The Student Voice of Prosper High School

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The Student Voice of Prosper High School

Eagle Nation Online

The Student Voice of Prosper High School

Eagle Nation Online

Counselor shares passion of guidance

Megan Howell provides support for students of Prosper
Erica Deutsch
As she converses with a student, Counselor Megan Howell helps those in any way she can from schedule changes to much larger issues. “It’s so great (that I get to) have real conversations,” Howell said. “I always say that once you’re one of my students, you’re always one of my students.” Student names are always confidential when a student visits a counselor.

As suicide-awareness month comes to a close, girls lacrosse head coach Morgan Alexander wants to make certain the importance of addressing the mental health needs of athletes continues to spread.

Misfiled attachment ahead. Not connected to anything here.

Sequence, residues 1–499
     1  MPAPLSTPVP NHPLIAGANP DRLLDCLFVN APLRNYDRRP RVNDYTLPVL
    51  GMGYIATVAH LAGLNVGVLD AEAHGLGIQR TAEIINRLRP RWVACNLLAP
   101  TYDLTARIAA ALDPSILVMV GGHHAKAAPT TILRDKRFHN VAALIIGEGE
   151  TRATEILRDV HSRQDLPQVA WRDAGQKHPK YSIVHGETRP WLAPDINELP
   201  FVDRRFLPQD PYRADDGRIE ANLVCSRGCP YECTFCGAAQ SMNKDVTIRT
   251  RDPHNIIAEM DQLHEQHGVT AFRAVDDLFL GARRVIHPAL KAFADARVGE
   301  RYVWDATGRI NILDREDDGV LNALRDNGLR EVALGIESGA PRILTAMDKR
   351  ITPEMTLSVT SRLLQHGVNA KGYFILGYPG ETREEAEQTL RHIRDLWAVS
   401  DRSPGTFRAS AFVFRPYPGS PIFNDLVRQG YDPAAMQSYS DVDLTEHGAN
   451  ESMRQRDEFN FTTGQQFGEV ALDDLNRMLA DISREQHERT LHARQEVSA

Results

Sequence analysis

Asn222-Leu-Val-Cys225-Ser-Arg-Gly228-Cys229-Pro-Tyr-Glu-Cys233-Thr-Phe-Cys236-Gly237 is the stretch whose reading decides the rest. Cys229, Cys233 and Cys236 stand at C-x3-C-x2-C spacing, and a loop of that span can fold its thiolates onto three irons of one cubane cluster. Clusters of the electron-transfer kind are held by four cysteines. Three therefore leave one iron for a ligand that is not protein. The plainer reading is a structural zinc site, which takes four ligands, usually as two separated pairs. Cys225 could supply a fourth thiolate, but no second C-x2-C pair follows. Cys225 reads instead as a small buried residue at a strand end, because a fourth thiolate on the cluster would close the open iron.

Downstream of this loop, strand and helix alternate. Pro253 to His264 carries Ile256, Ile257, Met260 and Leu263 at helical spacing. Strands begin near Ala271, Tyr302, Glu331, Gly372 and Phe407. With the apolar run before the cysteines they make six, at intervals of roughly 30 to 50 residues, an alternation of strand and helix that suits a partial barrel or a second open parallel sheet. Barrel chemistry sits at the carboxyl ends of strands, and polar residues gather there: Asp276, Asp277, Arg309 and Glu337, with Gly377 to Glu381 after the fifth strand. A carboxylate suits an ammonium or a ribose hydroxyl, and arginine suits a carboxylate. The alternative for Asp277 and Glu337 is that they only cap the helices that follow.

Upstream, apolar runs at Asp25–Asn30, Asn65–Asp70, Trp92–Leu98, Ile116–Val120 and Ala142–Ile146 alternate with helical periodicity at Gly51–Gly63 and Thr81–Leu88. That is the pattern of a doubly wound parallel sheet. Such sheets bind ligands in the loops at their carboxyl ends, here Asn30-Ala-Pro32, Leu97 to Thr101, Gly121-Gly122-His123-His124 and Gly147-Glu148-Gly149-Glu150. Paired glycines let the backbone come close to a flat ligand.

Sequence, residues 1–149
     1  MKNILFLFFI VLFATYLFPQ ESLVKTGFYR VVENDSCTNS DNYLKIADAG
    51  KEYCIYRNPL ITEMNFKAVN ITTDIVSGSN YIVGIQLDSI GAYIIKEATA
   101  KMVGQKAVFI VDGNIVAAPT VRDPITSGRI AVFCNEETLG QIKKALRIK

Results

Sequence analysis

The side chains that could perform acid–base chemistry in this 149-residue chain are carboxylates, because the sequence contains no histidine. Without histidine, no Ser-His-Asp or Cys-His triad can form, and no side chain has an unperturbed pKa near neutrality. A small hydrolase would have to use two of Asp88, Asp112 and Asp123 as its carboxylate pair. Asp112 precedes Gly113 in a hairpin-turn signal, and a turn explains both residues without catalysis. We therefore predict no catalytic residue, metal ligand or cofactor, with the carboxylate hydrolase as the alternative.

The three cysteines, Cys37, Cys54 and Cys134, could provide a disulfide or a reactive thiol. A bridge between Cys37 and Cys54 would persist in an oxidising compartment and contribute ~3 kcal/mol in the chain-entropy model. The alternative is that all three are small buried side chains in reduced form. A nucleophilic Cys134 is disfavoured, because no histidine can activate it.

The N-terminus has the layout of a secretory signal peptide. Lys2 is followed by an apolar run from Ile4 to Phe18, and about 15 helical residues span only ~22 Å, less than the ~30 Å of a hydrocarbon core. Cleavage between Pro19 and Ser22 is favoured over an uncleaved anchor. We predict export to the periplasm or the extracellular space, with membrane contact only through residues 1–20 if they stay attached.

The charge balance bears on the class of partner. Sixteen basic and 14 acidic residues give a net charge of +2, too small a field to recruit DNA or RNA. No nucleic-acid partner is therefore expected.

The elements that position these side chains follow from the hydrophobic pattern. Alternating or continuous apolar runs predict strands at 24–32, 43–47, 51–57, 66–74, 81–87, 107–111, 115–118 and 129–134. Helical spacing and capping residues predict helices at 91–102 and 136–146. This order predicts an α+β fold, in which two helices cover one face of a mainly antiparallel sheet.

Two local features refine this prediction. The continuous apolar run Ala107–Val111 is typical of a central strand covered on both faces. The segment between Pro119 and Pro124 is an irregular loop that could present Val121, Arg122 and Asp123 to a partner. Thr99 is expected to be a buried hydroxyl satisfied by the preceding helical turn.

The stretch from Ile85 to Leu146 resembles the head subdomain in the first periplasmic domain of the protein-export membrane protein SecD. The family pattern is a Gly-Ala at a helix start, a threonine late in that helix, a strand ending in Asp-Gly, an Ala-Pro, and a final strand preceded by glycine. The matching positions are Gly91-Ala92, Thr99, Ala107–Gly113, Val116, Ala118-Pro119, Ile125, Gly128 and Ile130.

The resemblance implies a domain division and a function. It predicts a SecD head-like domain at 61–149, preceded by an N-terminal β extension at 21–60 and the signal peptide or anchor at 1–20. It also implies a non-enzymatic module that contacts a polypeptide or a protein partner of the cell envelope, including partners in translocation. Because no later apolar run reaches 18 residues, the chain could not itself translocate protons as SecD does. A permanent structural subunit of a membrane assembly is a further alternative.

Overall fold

Connecting with students represents just one of the ways Megan Howell strives to improve and impact the lives of everyone she comes across.

Let’s get that spark back in your life,” Howell said. “(Let’s) help you feel better.” 

Howell serves as a counselor in the upper house for students whose last names start with ‘Gap’ through ‘Kid.’ This marks her second year as a counselor at PHS. Before she became a counselor, she taught kindergarten and first grade. She said she discovered that there’s so much more to it when it comes to a student’s academic life.

I wanted to be able to teach kids about character development and integrity,” Howell said. “I just really had a lot more focus on character traits and building relationships with kids in that way.”

The state of Texas has a requirement that those wanting to become counselors must be a teacher for three years. Howell first attended Texas A&M University, and then attended Amberton University to receive her counseling degree, all while working as a full-time teacher.

Everything happens for a reason and I’m just so grateful that I get to work with her this school year.

— Cherita Chatman